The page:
Analytic Borel space

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Also: analytic measurable space

2010 Mathematics Subject Classification: Primary: 03E15 Secondary: 28A0554H05 [MSN][ZBL]

$\newcommand{\A}{\mathcal A} \newcommand{\B}{\mathcal B}$ A Borel space is called analytic if it is countably separated and isomorphic to a quotient space of a standard Borel space.

See below for an equivalent definition.

Finite and countable analytic Borel spaces are trivial: all subsets are measurable. Uncountable analytic Borel spaces are of cardinality continuum. Some, but not all, of them are standard; these are mutually isomorphic. Some additional (to ZFC) set-theoretic axioms imply that all nonstandard analytic Borel spaces are mutually isomorphic (see [K, Sect. 26.D]).

Non-example. The quotient group $\R/\Q$ (real numbers modulo rational numbers, additive) may be thought of as a quotient measurable space, $\R$ being endowed with its Borel σ-algebra. Then $\R/\Q$ is a quotient space of a standard Borel space, but not an analytic Borel space, because it is not countably separated. (See [M, Sect. 5].)

Relations to analytic sets

A subset of a standard Borel (or just countably separated measurable) space is called analytic if it is the image of a standard Borel space under a Borel map. (See [K, Sect. 14.A].)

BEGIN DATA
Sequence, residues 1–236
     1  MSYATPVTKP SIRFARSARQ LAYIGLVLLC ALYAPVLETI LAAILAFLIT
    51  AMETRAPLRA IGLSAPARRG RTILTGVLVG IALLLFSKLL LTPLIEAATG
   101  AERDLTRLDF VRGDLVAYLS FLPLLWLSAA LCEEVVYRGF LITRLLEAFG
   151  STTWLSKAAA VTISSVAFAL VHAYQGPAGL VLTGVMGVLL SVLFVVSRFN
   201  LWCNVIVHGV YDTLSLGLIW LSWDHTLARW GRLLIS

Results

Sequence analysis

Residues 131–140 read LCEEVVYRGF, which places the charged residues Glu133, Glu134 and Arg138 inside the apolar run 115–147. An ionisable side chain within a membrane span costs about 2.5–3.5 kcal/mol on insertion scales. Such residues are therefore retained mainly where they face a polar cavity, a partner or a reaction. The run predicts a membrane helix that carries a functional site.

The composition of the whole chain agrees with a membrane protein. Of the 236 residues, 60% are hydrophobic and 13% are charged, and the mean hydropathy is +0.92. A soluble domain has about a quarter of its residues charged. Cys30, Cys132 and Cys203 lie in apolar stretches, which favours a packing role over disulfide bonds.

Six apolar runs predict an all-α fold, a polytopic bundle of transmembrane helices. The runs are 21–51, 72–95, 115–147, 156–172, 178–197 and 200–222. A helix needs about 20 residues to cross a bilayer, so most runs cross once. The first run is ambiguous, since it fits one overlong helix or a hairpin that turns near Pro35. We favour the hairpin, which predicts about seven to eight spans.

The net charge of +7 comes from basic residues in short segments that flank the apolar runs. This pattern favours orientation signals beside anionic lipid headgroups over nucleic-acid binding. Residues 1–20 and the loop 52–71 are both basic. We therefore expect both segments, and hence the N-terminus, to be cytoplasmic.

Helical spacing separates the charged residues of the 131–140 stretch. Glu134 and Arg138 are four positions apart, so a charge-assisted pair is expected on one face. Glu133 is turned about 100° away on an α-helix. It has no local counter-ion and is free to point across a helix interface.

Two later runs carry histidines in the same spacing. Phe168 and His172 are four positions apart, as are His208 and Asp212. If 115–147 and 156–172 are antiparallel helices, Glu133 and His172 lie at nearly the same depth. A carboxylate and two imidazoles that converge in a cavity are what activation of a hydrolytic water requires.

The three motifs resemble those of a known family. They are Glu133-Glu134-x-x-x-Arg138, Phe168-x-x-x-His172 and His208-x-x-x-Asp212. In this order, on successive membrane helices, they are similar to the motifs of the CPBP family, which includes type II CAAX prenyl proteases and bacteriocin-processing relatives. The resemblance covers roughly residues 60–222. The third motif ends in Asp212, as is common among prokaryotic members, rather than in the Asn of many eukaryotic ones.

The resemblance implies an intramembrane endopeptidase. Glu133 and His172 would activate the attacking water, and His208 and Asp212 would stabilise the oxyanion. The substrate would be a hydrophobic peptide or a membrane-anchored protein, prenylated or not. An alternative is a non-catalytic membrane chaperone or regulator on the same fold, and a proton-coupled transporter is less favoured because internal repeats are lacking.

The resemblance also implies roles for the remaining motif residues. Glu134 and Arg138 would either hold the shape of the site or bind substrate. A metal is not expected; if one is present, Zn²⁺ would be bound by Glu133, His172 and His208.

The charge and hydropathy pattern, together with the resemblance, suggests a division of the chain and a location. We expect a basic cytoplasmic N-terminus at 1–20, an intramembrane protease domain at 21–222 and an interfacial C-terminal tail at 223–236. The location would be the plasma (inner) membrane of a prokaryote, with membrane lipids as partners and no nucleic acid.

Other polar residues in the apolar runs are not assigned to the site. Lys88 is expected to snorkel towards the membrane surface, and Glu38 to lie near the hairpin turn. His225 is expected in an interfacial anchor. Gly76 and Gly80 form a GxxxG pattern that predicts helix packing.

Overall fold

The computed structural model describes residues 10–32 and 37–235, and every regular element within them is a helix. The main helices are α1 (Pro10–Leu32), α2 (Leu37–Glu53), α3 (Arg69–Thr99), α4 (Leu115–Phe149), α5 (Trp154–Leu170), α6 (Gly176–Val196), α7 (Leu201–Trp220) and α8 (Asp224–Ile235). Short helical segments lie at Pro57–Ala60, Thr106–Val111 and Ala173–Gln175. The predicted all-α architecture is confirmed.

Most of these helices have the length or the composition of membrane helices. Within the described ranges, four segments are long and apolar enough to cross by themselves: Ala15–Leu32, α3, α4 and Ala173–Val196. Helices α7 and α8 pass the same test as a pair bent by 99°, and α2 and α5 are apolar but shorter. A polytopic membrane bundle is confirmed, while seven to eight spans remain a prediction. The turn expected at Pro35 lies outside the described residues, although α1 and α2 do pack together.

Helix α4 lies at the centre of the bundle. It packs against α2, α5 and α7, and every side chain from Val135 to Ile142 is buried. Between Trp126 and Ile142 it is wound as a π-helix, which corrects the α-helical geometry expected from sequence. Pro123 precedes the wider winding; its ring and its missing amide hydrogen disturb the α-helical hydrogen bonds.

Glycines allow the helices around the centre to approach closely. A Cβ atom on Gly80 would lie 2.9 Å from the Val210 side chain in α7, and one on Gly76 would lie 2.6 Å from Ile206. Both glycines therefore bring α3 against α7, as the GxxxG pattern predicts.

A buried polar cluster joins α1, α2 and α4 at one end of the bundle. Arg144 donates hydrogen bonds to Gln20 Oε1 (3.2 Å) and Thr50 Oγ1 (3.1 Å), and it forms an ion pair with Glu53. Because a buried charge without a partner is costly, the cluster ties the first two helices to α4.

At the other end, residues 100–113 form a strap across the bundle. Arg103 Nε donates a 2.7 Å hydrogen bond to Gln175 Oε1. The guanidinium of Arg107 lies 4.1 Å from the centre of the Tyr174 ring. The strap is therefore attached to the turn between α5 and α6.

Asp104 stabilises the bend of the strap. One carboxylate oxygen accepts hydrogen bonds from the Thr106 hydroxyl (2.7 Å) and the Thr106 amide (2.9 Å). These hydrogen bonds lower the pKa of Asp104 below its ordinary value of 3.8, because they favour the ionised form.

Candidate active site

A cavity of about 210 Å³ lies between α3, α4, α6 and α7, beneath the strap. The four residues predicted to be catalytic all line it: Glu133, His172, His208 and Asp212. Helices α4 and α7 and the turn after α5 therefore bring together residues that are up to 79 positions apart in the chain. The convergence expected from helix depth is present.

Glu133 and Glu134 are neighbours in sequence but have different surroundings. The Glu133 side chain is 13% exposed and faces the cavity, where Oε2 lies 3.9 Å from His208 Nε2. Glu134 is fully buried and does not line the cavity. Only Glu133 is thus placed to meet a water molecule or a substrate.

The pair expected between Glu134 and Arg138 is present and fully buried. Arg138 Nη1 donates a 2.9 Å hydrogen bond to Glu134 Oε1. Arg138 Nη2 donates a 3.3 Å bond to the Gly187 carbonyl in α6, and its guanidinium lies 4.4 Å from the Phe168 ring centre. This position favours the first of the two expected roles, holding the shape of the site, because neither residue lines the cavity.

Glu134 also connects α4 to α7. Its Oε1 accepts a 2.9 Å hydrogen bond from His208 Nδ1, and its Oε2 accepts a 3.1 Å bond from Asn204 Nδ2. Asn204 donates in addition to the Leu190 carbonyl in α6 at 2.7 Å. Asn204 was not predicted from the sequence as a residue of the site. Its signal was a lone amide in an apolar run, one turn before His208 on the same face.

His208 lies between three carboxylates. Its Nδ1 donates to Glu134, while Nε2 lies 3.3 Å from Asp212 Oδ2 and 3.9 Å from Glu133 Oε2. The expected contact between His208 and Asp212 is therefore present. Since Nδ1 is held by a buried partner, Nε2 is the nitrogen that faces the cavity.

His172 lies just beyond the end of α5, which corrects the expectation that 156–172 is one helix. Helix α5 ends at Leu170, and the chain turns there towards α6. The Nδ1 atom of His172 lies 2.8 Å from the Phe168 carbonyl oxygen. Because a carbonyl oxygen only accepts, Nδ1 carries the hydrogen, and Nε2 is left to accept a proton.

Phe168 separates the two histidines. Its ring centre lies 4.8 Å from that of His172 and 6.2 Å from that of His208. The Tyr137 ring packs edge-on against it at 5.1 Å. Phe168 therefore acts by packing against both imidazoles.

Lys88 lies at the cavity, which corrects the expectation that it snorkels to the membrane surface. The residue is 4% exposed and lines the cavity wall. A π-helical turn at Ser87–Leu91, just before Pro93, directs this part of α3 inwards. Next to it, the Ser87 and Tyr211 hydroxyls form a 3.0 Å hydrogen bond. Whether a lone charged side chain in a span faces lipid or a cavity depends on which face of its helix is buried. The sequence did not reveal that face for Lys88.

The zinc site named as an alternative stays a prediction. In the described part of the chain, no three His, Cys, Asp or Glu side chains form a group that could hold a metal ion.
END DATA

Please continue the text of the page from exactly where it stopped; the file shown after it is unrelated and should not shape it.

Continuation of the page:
As every subset of a measurable space, an analytic set is itself a measurable space (a subspace of the given space).

Definition 2 (equivalent). A Borel space is called analytic if it is isomorphic to an analytic set.

Equivalence of the two definitions follows from the Blackwell-Mackey theorem and the following simple fact: every countably separated measurable space admits a one-to-one measurable map to a standard Borel space.

See [K, Sect. 25.A], [M, Sect. 4] for these, and some other, definitions of analytic sets and spaces.

Measurable injections

Several results on standard Borel spaces generalize to analytic Borel spaces (see [M, Sect. 4], [S, Sect. 4.5]).

Theorem 1a. If a bijective map between analytic Borel spaces is measurable then the inverse map is also measurable.

Theorem 1b. If σ-algebras $\A$, $\B$ on $X$ are such that $\A\subset\B$ and $(X,\A)$, $(X,\B)$ are analytic then $\A=\B$.

Example. The real line with the Lebesgue σ-algebra is not analytic (by Theorem 1b).

Theorem 2a. If a bijective map from an analytic Borel space to a countably separated measurable space is measurable then the inverse map is also measurable.

Theorem 2b. If σ-algebras $\A$, $\B$ on $X$ are such that $\A\subset\B$, $(X,\A)$ is countably separated and $(X,\B)$ is analytic then $\A=\B$.

Theorem 2c. If $(X,\A)$ is an analytic Borel space then $\A$ is generated by every at most countable separating subset of $\A$.

The Blackwell-Mackey theorem generalizes readily from standard to analytic spaces, since a quotient space of an analytic space evidently is also a quotient space of a standard space.

Every analytic Borel space is universally measurable.


[K] Alexander S. Kechris, "Classical descriptive set theory", Springer-Verlag (1995).   MR1321597  Zbl 0819.04002
[M] George W. Mackey, "Borel structure in groups and their duals", Trans. Amer. Math. Soc. 85 (1957), 134–165.   MR0089999   Zbl 0082.11201
[S] S.M. Srivastava, "A course on Borel sets", Springer-Verlag (1998).   MR1619545  Zbl 0903.28001
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